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How do you put Overhead into estimates?

Discussion in 'Landscape Architecture and Design' started by MJK, Sep 24, 2006.

  1. MJK

    MJK LawnSite Senior Member
    Messages: 356

    I posted this in the Lawn Maintenance part, but thats because i have to parts to my company, build and maintain. My question is when you figure out your overhead, how do you put that into your price for work?
  2. Mike33

    Mike33 LawnSite Bronze Member
    Messages: 1,649

    are you meaning fuel. ins, advrt.,parroll, etc.?
  3. MJK

    MJK LawnSite Senior Member
    Messages: 356

    Yes, when you calcuate a companies overhead.
  4. Mike33

    Mike33 LawnSite Bronze Member
    Messages: 1,649

    Not to give you the run around, but what do you do. I do dirt landscaping with bobcat, misc. excavation, srw. If this is what you do i can help. If your cutting grass and property maint. i cant help you. Hell, i actually pay some one to cut my grass.
  5. JimLewis

    JimLewis LawnSite Fanatic
    Messages: 6,872

    I work it into the hourly rate that we charge. It's the only way to do it, as near as I can tell.

    So when people ask me why we charge $60 per man hour for design / build or $65 per man hour for irrigation I explain to them that this covers much more than labor. It covers all of our overhead. Our fuel, our office supplies, our office staff, liability insurance, bond, multiple licenses, vehicles, vehicle maintenance and lettering, uniforms, cell phones and radios, utilities, shop, worker's comp., auto insurance, estimating time, business literature, cards and forms, etc. etc. etc.
  6. AGLA

    AGLA LawnSite Bronze Member
    Messages: 1,776

    Record keeping is the answer. Things like gas and equipment maintenance is usually directly related to how much the equipment is used. You have to keep those records because you want to keep that as overhead for those certain operations (ie, you want to pay for your skidsteer with the skidsteer rather than all of the other work you do). Those figure in as overhead for those specific things.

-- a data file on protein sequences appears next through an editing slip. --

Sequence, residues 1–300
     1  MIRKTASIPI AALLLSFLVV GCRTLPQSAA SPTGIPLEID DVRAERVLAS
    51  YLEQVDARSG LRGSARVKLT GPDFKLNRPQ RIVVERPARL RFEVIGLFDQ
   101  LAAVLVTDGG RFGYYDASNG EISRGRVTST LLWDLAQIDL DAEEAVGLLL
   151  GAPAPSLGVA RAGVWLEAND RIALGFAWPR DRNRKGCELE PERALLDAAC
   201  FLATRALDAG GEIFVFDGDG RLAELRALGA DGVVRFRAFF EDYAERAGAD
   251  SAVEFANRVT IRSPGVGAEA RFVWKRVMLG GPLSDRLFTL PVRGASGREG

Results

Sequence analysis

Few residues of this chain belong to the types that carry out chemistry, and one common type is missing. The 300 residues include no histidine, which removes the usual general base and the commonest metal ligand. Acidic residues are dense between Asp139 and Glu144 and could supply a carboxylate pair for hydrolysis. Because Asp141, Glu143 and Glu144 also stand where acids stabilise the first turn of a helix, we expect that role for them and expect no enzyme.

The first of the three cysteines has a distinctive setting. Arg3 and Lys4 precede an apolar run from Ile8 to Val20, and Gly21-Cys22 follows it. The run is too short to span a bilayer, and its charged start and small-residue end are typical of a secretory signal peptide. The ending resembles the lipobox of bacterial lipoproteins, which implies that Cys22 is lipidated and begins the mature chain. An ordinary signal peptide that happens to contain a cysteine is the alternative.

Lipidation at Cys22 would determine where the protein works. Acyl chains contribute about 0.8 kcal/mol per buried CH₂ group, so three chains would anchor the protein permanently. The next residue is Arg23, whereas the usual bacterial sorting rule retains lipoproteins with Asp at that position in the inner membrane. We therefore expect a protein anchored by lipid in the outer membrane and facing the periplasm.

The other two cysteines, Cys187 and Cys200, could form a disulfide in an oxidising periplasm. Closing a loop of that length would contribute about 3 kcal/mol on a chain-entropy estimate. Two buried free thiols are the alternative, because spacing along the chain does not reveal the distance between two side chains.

You have to track all of the expenses that you have over a year that are not directly paid for on an invoice to a customer. Those include wages you pay for workers time that is not directly billed (like when they wash the trucks, or your secretary, paid vacation time, ..., or yourself when you take a long lunch or a day off), rent, heat, electricity, liability insurance, postage stamps, paper, tee shirts, ...everything. Then you divide that over all of the billable hours that you have. In the end, you should have a good idea of how much you need to charge per billable hour over the course of a year.

    This does not work if you don't keep good records and/or you do not have any consistancy to how many billable hours you have over a year. It certainly does not work if you are new and have no records to draw this info from.
  7. YardPro

    YardPro LawnSite Gold Member
    Messages: 3,570

    take all your costs of doing the job, all labor, equipment, etc... then add your overhead...

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